About Scoliosis


Important Resources

Elise Browning Miller:  Founding Director of the California Yoga Center in Mountain View  and Palo Alto, California, Ms. Miller is an expert in the use of Yoga to manage the effects of Scoliosis.  Her book, Yoga for Scoliosis: A Path for Students and Teachers is considered the “ultimate textbook for understanding the benefits yoga offers to those with Scoliosis.  Elise Miller’s books are highly recommended for both Teachers and students.

National Scoliosis Foundation (visit: www.scoliosis.org): Support, resources and community discussions to assist and help people with Scoliosis.

OrthoInfo: From the American Academy of Orthopedic Surgeons

Definition of Scoliosis

Scoliosis is an abnormal lateral curve of the Spine with rotational component.  A spine with Scoliosis has shifted laterally forming an “S” or “C” shaped curve, and with that curve, the spine is is rotated.

Testing for Scoliosis

The Adams Forward Bend test is used to determine if you have a structural scoliosis.   in this simple examination, you bend forward with a rounded spine.  Any significant asymmetry between the two side of the spine where one sided for the rib cage is higher than the other, or a bulge in the lumbar area these are indicative of Structural Scoliosis.

If there appears to be asymmetry with the shoulders, back muscles or hips while you are standing, yet when you are bending forward the spine appears aligned in the center of the body with little or  no rotation, this is indicative of a functional scoliosis.


Medical Diagnosis

Doctors will initially take a detailed medical history and may ask questions about recent growth.  The Doctor will likely test using the  Adams Forward Bend test.

Your doctor may also perform a neurological exam to check for:

  • Muscle weakness
  • Numbness
  • Abnormal reflexes

Plain X-rays can confirm the diagnosis of scoliosis and reveal the severity of the spinal curvature.  The severity is measured according to the Cobb Angle Measurement.

While there are guidelines for mild, moderate and severe curves, the decision to begin treatment is always made on an individual basis. Factors to be considered include:

  • Sex. Girls have a much higher risk of progression than do boys.
  • Severity of curve. Larger curves are more likely to worsen with time.
  • Curve pattern. Double curves, also known as S-shaped curves, tend to worsen more often than do C-shaped curves.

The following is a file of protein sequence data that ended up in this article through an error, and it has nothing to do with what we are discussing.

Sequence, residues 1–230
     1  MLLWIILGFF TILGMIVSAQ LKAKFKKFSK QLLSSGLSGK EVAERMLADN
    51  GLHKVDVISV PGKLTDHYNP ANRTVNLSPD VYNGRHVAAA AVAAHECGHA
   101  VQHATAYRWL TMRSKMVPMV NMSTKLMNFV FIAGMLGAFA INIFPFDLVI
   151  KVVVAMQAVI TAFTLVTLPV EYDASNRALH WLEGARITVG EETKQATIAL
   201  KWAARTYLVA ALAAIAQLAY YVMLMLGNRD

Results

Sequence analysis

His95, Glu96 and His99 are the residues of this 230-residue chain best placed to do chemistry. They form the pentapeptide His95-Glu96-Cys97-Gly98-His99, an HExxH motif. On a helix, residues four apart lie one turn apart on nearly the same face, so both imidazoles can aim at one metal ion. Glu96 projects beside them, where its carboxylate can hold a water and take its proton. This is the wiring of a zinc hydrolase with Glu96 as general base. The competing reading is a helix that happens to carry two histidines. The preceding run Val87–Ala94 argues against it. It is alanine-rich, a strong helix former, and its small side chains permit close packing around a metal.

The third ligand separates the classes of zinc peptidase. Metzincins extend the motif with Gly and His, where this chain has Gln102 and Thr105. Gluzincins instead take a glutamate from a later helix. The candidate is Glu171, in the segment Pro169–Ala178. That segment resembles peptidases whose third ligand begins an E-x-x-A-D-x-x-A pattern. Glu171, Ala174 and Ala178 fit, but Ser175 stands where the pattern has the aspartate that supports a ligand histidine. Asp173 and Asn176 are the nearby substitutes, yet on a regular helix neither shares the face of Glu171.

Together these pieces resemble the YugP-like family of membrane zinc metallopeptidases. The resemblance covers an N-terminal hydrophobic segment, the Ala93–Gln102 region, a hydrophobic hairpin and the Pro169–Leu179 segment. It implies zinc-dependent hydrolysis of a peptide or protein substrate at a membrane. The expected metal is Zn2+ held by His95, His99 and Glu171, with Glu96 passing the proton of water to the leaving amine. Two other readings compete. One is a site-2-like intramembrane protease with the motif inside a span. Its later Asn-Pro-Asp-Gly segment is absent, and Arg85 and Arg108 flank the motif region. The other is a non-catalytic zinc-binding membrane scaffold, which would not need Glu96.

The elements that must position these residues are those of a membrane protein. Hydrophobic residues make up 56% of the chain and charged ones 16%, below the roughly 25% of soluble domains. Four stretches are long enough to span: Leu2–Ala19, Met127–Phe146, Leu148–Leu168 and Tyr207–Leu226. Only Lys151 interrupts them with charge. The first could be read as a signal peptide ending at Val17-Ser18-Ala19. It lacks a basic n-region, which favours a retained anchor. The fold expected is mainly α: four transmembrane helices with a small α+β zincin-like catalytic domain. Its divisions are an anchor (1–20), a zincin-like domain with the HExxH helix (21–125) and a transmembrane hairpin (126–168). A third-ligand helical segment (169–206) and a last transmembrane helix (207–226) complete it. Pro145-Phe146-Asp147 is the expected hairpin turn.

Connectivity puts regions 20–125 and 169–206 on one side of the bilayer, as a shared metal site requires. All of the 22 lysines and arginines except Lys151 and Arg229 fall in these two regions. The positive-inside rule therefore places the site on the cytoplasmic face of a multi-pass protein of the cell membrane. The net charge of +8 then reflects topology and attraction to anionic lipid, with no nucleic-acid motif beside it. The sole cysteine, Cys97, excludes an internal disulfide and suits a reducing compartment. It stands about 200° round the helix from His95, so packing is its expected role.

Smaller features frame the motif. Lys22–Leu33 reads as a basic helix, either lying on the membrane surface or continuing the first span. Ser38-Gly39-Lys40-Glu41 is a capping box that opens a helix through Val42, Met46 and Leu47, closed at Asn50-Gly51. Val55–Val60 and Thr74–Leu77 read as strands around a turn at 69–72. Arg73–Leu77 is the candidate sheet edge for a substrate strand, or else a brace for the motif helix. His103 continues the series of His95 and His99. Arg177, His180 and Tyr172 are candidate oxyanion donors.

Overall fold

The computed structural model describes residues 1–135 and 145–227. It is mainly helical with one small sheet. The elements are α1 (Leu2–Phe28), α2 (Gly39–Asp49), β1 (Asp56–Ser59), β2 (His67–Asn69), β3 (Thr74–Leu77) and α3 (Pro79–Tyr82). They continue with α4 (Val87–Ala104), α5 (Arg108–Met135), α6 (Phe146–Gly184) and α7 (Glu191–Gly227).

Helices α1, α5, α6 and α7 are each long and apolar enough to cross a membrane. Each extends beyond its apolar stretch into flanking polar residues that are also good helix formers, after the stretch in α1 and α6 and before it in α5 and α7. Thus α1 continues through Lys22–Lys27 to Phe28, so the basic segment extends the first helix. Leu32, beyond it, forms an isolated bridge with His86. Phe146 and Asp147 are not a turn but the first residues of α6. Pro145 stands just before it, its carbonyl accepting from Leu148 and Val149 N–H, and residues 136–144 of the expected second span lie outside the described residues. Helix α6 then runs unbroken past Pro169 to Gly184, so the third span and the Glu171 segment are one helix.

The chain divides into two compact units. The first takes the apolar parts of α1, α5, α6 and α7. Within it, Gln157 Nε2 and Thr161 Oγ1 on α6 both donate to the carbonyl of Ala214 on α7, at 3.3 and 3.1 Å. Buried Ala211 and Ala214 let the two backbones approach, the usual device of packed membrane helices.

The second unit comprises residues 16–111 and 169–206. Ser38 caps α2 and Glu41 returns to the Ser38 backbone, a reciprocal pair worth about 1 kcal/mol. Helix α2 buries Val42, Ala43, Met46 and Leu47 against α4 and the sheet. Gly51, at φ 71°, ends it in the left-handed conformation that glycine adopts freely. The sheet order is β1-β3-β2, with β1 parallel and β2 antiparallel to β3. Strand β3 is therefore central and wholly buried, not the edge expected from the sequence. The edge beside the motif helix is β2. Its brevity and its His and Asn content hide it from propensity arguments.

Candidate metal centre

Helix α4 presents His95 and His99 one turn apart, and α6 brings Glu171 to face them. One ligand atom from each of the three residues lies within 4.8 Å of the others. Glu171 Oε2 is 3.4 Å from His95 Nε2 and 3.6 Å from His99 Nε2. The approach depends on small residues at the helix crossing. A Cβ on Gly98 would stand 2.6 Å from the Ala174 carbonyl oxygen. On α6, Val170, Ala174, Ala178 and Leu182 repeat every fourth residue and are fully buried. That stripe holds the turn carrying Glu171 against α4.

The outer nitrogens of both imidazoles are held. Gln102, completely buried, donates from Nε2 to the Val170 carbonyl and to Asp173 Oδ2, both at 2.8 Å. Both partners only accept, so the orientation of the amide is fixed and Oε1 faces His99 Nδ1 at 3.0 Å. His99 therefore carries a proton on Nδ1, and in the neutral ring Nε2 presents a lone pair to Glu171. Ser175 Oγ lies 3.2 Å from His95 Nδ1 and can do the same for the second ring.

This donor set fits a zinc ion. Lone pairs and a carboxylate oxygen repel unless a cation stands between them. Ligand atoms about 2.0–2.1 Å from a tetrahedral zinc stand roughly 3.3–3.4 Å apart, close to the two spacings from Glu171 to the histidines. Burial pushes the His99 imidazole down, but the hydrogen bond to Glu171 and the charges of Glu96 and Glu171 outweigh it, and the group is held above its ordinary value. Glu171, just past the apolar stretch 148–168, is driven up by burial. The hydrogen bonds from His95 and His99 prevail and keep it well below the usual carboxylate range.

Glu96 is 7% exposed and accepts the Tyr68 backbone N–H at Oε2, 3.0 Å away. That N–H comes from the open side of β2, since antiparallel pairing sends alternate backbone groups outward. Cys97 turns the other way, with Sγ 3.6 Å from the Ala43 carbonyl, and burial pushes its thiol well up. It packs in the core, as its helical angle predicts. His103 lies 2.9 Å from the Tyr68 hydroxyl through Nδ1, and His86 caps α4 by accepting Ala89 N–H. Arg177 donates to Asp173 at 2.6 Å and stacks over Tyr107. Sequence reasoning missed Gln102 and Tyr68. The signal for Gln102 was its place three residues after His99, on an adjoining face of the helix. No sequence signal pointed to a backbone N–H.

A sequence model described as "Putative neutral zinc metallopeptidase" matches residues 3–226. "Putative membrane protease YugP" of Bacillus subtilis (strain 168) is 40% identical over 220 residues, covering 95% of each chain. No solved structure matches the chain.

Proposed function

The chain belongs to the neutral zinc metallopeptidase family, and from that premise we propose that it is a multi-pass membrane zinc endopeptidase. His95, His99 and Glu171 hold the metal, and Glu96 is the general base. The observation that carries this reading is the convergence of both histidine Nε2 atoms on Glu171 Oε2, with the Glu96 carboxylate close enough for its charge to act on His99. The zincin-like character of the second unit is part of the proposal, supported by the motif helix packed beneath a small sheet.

• Location of curve. Curves located in the center (thoracic) section of the spine worsen more often than do curves in the upper or lower sections of the spine.
  • Maturity. If a person’s bones have stopped growing, the risk of curve progression is low. That also means that braces have the most effect in children whose bones are still growing.


Adult Scoliosis


Because so many adults have contacted the NSF, we asked Nancy Schommer, author of Stopping Scoliosis, to provide us with an update about adult scoliosis. In the course of her research, she interviewed Dr. David B. Levine, Clinical Professor of Orthopedic Surgery at Cornell University Medical College and Director of Orthopedic Surgery at the Hospital for Special Surgery in New York City. Following are excerpts from their conversation.

Q: Dr. Levine, is it possible for an adult, a person 21 years of age or older, to suddenly “get” scoliosis?
A: It’s possible but extremely rare. When it happens, it is usually because the patient has experienced some sort of trauma, such as a fractured spine, or because the person develops a neuromuscular condition like muscular dystrophy, or a metabolic condition like osteoporosis that softens the bones. Most often, however, adult scoliosis develops in adolescence, and is the “idiopathic” variety, which means it occurs for no apparent reason.

Q: Will untreated adult scoliosis get worse year after year?
A: I’ve followed patients for over twenty years, and have found that probably 60% of adult patients do not get worse. Of the remaining 40% about 10% show a very significant progression, while the other 30% will show a very mild progression, maybe less than one degree per year.

Q: Are there any factors that can decrease or increase one’s risk of progression?
A: Yes, there are. The person who is sedentary and overweight is inviting problems.

Q: What treatments are available for adults with scoliosis?
A: First, one has to understand that many adults who have scoliosis never require treatment; they do not have obvious deformities or breathing problems, and they have no pain. But when an adult has a curvature that is approximately 50 degrees or more, then we begin to consider the possibility of spinal fusion surgery.

Source: National Scoliosis Foundation




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